This section is from the book "Myths And Folk-Tales Of The Russians, Western Slavs, And Magyars", by Jeremiah Curtin. Also available from Amazon: Myths and Folk-Tales of the Russians, Western Slavs, and the Magyars.
Yarmil's courage fell. That moment the white lady from the white castle appeared suddenly before him and said: "Bind thy horse's hoofs with thy coat, and go very carefully over the bridge. The giant who stands on watch will see thee only when thou art in front of him, and will start after thee; but throw behind this dust and nothing will harm thee. Do the same for the second and third giant." She gave him three packages of dust, and said: "Beyond the river is a mill in which they give a witch to grind. Ask the miller for a night's lodging; he will give it thee, and invite thee to supper. Towards the end of the supper the cook will bring him a roast cock, and to that he will not invite thee; he eats it all himself. The bones of it he leaves on the plate and the cook must throw them under the wheel; but tell her to hide them for thee. And when it will be midnight, go to the glass mountain and put the bones before thee; but be careful to save one till thou art on the summit, then throw that last one back over thy head".
The moment the lady had finished, she disappeared. Yarmil sprang from his horse, tore his coat into four pieces, and with them muffled the feet of his horse; then he mounted and rode cautiously to the bridge. The first giant was sitting with his back to him and dozing. Yarmil passed him safely; but that moment the giant woke, and howled with a terrible voice to him to come back. Here Yarmil threw the dust behind, and that moment there was- such darkness that it hid the giant completely. The same happened with the second and third giant, and Yarmil crossed the river safely. Not far off was the mill, and the miller stood just on the threshold.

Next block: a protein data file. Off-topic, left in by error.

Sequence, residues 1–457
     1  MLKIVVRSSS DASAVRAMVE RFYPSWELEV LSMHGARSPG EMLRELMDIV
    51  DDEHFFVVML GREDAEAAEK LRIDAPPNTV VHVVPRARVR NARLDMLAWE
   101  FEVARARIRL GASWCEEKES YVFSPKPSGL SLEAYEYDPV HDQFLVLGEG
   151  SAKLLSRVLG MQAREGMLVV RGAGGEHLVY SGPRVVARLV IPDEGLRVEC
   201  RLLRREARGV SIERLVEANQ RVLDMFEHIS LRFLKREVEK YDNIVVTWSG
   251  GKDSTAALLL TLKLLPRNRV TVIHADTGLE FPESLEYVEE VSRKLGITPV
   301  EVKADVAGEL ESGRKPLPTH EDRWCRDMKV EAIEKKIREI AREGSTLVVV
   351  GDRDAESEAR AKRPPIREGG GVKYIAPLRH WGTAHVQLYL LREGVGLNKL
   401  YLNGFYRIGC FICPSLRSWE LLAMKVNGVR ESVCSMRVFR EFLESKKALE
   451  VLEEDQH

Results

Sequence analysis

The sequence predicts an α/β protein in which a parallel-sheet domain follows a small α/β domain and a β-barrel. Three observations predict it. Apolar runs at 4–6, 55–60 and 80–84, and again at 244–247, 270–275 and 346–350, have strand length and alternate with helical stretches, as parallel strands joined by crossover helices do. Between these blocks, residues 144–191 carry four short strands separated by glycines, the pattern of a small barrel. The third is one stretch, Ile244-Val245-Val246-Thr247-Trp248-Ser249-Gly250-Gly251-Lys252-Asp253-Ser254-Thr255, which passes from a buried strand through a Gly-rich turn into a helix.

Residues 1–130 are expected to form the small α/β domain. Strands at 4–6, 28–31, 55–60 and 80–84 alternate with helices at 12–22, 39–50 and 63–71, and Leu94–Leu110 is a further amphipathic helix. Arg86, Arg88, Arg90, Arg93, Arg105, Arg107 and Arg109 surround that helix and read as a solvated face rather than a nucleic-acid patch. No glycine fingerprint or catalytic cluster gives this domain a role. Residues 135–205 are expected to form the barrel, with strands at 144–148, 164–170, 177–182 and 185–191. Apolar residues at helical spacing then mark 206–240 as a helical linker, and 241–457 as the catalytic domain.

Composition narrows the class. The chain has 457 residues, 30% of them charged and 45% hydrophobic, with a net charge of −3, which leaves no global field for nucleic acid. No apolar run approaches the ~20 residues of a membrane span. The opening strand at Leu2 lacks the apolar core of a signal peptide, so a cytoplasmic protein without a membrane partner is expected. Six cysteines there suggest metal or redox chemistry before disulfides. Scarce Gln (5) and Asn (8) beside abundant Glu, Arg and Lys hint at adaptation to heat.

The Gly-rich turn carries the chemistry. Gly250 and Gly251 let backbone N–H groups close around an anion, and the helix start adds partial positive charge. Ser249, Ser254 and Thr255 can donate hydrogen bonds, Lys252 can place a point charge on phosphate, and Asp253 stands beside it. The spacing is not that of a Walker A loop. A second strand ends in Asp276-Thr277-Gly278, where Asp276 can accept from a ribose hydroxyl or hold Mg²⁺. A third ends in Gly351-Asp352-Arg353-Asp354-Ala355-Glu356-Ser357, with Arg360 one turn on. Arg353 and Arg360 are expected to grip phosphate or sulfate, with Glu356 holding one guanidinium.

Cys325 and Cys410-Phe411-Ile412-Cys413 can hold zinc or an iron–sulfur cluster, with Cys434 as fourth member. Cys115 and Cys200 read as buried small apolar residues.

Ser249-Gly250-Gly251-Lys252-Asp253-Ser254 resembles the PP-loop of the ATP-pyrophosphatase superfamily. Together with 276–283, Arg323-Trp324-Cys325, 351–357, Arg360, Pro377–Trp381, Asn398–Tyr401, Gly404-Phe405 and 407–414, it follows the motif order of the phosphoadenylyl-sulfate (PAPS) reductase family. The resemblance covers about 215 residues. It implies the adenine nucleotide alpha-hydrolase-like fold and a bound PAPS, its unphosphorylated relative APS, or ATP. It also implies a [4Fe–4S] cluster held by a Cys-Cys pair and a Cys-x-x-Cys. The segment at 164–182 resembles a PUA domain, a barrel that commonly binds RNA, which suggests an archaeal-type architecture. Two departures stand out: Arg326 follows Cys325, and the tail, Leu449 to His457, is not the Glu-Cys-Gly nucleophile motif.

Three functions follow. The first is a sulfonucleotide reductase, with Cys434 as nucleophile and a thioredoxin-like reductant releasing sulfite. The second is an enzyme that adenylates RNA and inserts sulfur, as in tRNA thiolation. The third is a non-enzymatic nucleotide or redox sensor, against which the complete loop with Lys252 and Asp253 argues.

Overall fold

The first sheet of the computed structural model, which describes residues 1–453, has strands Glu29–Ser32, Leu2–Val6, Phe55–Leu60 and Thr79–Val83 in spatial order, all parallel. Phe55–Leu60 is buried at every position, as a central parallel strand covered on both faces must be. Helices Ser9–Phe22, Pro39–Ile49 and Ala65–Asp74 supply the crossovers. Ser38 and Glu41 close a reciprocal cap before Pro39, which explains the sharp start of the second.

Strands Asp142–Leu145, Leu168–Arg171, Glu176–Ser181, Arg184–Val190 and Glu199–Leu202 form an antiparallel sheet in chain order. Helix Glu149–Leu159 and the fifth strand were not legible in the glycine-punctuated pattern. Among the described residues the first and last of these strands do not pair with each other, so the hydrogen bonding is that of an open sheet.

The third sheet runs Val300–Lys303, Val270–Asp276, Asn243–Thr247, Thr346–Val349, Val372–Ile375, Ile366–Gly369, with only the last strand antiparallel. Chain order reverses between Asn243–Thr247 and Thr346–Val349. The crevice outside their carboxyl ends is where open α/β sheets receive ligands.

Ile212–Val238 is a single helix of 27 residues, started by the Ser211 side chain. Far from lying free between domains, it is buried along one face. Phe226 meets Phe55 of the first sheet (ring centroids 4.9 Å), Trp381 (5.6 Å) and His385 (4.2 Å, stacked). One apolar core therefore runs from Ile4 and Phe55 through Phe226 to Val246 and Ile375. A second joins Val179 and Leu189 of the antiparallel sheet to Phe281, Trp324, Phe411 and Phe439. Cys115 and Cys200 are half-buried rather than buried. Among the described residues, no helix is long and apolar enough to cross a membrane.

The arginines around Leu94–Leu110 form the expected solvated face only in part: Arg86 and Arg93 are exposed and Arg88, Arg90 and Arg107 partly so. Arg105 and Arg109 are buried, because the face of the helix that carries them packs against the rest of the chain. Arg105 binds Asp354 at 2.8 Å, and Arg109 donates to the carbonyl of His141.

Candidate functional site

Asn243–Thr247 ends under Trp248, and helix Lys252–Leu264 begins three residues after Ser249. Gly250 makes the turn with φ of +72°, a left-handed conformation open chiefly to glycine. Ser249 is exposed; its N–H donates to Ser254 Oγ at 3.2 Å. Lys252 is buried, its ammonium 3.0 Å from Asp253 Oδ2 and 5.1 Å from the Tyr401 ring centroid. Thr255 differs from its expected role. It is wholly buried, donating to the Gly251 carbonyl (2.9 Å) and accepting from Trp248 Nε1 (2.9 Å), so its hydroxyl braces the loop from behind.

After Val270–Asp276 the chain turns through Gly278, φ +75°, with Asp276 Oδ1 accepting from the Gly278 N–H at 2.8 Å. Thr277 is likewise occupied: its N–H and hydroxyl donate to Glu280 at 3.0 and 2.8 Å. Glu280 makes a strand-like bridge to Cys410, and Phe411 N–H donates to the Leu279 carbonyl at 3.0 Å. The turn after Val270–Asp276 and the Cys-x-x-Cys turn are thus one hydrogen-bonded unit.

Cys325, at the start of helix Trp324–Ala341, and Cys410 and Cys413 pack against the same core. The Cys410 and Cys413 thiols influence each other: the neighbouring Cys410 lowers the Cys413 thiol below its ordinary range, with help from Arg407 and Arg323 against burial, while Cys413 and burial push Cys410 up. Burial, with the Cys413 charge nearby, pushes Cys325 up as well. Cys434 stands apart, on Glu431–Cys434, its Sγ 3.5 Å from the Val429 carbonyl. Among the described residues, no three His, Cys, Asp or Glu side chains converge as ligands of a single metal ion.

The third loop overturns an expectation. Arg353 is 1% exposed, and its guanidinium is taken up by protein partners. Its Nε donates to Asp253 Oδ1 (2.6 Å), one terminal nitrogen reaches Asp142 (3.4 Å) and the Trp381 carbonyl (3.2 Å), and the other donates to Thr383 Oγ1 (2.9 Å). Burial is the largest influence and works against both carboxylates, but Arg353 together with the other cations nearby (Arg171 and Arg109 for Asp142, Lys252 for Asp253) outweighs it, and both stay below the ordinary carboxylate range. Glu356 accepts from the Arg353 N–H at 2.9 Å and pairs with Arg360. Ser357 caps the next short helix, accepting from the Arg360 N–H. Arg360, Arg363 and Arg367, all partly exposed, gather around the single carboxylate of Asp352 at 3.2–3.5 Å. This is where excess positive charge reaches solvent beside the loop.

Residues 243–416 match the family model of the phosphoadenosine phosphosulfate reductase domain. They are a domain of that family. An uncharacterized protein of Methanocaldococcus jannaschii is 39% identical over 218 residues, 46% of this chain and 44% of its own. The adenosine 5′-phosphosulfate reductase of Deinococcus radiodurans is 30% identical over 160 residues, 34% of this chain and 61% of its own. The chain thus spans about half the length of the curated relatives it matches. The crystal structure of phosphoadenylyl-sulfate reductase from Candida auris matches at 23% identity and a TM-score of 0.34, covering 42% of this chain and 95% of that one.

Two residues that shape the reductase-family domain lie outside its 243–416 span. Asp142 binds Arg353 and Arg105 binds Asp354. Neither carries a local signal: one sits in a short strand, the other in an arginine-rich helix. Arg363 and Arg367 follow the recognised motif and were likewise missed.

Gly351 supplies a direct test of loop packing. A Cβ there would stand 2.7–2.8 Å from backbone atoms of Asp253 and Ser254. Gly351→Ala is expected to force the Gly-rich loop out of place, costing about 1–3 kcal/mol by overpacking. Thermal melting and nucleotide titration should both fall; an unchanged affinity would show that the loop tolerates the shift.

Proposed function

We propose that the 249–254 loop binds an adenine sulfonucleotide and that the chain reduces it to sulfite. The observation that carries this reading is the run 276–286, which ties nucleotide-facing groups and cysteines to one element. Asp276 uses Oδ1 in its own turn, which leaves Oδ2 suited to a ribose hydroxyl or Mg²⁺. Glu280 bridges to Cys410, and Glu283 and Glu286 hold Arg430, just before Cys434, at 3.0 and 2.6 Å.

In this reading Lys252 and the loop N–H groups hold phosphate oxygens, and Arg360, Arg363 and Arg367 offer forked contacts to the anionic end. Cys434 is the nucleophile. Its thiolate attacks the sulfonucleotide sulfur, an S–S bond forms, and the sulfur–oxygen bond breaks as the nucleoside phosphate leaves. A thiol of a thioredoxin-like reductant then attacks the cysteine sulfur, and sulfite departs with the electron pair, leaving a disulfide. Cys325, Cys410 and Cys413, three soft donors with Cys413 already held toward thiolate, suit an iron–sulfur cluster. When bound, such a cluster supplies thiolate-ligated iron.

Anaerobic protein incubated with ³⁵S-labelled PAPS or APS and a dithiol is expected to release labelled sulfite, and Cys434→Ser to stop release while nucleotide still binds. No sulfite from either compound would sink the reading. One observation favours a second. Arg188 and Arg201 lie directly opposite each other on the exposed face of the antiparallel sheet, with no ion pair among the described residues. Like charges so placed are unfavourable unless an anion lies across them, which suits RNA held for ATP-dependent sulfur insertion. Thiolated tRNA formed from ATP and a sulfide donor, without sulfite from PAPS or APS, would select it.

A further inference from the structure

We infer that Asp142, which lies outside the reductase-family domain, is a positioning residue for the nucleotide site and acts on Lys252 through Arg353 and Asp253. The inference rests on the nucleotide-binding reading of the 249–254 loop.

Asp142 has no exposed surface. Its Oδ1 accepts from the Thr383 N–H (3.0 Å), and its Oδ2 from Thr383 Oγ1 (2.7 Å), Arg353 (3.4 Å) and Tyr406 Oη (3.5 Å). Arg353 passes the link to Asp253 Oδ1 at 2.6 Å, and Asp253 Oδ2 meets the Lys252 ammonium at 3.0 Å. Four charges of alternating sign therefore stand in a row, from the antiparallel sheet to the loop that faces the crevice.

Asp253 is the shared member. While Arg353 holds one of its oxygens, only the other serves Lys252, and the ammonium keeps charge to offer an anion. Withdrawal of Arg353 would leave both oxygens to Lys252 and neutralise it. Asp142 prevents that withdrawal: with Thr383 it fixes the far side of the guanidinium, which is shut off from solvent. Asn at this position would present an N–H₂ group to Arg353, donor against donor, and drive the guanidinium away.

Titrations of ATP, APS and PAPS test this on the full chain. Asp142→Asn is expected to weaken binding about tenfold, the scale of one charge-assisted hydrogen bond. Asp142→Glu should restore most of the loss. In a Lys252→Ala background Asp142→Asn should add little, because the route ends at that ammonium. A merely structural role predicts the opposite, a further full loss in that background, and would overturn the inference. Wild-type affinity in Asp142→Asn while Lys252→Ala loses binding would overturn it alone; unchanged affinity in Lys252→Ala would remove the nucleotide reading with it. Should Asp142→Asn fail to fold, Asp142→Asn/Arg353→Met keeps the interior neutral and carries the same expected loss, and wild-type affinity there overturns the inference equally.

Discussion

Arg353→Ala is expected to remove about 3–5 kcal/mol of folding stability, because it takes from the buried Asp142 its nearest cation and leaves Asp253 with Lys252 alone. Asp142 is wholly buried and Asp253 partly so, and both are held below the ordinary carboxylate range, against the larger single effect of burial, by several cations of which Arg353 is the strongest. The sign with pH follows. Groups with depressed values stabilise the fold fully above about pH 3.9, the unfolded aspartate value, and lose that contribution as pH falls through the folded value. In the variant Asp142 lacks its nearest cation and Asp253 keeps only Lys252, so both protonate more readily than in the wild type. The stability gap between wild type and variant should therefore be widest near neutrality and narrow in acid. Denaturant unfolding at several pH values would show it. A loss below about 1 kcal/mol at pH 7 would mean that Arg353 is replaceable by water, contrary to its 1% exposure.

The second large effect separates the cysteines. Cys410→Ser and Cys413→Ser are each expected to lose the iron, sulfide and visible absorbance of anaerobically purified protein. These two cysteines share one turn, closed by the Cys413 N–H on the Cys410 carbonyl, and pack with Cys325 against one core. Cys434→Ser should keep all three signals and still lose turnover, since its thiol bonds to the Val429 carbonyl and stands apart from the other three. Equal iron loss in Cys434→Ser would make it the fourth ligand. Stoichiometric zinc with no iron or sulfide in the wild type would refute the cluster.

"What dost thou wish here?' growled he at Yarmil.
"Oh, grant me a night's lodging," said Yarmil; "I am a traveller from distant lands".
"I'll give thee nothing," answered the miller, roughly, "for if I did I should lose my place".
Yarmil begged again, and begged so long that the miller asked: "Whence art thou?" Yarmil told him; and the miller, meditating awhile, said: "Well, if thou art the son of so powerful a king, I will give thee a night's lodging; for we are from the same country, and I knew thy father very well".
Then he led him to a sitting-room; and since it was just dark, he asked him to supper. Yarmil watched continually to see if the cock would soon come to the table, and he had not long to wait. The miller grew sullen, and without speaking a word ate the cock. Yarmil went out, and pressing a few goldpieces into the hands of the cook, begged her to hide the bones of the cock for him. The moment the cook saw the goldpieces she was glad to agree.